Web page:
Tuesday, 30 March 2010

Hollywood Babble On & On #480: Business As Usual

Welcome to the show folks...

Today I have a couple of little stories about independent companies, so away we go...


David Bergstein's Capitol Films/ThinkFilm indie production and distribution mish-mash had a hearing today in bankruptcy court. According to one commenter at Deadline: Hollywood who claimed to be attending the proceedings, one of the lawyers for the creditors called it "the Enron of the Motion Picture Business."


And the sad part is that it's so believable.

The really sad part is that too many independent companies end up in court with creditors and management fighting over the table scraps, and a lot of people not getting paid for their work.

I know it's hard to make money as an indie producer, the risk to return ratio is not great, but it doesn't help when producers leave themselves open to the sort of allegations that are currently assailing Senor Bergstein. When you're an independent producer you have to be like Caesar's wife, not only pure, but
appearing to be pure.


Because the odds are pretty good that everything will go completely to shit when you're an indie producer/distributor. When these things go to shit, you don't want your investors and creditors saying the sort of things in court that could get your pelt nailed to the trophy wall of an ambitious State Attorney General, Assistant US Attorney, or IRS auditor. You want them to say: "Oh well, things didn't work out, but at least I can't accuse you of using company money to cover gambling markers without getting sued for libel."

But alas, it seems to be business as usual in Hollywood for indie producers to act like they're studio execs, and that their companies are their little personal fiefdoms and that they don't owe anything to their investors or creditors. Then comes the acrimony, the allegations, and all sorts of legal crap that end up costing everyone more than either side could want.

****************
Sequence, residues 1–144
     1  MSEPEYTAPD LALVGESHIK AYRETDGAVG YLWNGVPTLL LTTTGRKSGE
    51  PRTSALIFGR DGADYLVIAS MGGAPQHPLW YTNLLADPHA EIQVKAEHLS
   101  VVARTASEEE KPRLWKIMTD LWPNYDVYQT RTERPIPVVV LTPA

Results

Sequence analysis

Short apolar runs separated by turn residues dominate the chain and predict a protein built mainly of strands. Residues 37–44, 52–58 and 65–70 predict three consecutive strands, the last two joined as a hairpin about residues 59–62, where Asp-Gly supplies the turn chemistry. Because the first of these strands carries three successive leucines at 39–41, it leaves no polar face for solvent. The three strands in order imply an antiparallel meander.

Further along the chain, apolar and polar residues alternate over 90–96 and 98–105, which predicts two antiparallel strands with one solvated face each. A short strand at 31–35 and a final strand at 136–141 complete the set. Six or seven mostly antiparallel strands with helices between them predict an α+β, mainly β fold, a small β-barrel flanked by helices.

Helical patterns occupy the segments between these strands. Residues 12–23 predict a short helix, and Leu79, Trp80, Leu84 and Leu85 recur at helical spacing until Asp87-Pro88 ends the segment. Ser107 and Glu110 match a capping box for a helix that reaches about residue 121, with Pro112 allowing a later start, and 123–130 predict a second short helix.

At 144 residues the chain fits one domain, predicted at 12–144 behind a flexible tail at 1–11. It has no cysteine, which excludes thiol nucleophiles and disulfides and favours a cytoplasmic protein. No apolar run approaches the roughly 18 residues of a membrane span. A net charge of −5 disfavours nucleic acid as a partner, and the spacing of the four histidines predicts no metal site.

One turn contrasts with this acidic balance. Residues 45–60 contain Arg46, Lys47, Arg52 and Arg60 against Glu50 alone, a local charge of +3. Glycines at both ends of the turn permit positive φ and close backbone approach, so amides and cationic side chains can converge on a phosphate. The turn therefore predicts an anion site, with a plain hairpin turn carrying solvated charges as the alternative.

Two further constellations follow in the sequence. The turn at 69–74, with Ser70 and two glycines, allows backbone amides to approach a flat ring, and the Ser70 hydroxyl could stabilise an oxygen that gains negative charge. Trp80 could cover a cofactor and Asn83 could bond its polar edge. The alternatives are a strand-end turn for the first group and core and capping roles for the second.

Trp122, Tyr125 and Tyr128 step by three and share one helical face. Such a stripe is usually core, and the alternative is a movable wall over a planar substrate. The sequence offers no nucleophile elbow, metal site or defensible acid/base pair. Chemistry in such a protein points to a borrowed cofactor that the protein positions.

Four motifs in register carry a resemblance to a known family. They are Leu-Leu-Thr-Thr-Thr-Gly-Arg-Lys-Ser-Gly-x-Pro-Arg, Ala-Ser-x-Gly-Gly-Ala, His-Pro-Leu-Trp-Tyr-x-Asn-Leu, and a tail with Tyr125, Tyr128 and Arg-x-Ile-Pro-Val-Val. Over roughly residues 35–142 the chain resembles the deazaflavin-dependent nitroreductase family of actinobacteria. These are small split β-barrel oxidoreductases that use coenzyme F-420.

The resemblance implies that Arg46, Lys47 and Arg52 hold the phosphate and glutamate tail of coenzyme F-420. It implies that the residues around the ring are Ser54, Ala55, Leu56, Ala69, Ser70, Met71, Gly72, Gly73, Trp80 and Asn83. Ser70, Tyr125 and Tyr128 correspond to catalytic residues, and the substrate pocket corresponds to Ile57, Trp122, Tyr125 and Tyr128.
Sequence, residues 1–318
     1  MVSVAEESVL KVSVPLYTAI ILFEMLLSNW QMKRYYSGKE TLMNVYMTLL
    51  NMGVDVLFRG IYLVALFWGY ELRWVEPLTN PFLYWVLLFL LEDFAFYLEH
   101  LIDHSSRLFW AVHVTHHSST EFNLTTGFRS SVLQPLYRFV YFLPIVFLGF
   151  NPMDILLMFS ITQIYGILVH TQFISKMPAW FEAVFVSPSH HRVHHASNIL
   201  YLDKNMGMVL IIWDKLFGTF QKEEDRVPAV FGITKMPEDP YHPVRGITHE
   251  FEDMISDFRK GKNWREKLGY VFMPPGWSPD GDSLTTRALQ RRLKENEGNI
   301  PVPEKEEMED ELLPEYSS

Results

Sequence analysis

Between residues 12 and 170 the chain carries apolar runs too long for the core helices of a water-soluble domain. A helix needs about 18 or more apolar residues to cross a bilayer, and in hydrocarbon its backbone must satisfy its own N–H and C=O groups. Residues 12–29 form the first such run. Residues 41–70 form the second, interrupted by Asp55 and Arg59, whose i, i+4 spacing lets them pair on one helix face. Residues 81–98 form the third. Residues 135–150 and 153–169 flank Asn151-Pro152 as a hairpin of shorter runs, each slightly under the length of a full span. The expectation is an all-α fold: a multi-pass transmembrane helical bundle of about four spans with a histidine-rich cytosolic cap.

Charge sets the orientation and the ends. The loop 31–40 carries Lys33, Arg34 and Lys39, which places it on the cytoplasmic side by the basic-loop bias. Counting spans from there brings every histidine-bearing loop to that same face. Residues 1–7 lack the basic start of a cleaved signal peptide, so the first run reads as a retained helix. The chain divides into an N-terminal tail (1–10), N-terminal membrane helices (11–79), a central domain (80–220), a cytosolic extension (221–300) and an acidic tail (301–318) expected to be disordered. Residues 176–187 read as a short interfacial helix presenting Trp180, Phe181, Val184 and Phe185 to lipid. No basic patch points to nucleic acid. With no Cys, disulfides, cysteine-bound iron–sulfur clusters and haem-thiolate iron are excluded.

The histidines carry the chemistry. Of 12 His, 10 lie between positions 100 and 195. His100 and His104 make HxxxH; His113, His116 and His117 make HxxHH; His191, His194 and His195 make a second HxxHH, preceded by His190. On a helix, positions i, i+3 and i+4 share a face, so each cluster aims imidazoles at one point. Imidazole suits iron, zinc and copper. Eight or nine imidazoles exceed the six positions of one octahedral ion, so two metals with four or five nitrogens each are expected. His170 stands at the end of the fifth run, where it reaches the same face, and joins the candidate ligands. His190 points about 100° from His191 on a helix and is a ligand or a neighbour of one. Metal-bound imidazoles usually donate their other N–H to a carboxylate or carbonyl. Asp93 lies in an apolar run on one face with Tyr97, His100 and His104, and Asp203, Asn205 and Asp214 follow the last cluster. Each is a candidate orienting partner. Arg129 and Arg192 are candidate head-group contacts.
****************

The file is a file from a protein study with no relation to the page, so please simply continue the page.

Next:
Kanbar Entertainment the producers of the animated movie Hoodwinked are as mad as a wet hornet on 'roids at the Weinstein Company over the movie's sequel Hoodwinked Too: Hood vs Evil.

Apparently the film was supposed to be released in mid-January, alongside the toy line at Burger King, but in December 2009, the Weinstein Co. announced that the movie was going to be bumped back to February.

February came and went, and still no movie.

Now Kanbar Entertainment has made a petition to the Superior Court to force some form of arbitration with TWC over the non-release.

My question is:

Why is this news?

The Weinstein Co. is more famous for not releasing movies than for releasing them. To them it's business as usual to sit on a movie until at least 2 years past its sell by date, and then dump it in a way that ensures no one, including TWC, makes any real money off of it.

Which brings me to my next question:

Why are they still in business?

They need outside investors to give them money, and indie filmmakers to sell their films to TWC's own peculiar brand of oblivion, and I just have to wonder why. Their reputation has proceeded them, and while no one has accused them of criminality, they have been accused, repeatedly, and passionately, with being just plain bad to do business with.

Everyone who does business with them has walked away saying that the company operates on a blend of bullshit and bullying. And most of them walked away with nothing but ulcers and high blood pressure to show for their troubles.

So I think it would be news to hear a story about someone whose name isn't Quentin Tarantino being happy with doing business with TWC.

That would be news, and not business as usual.

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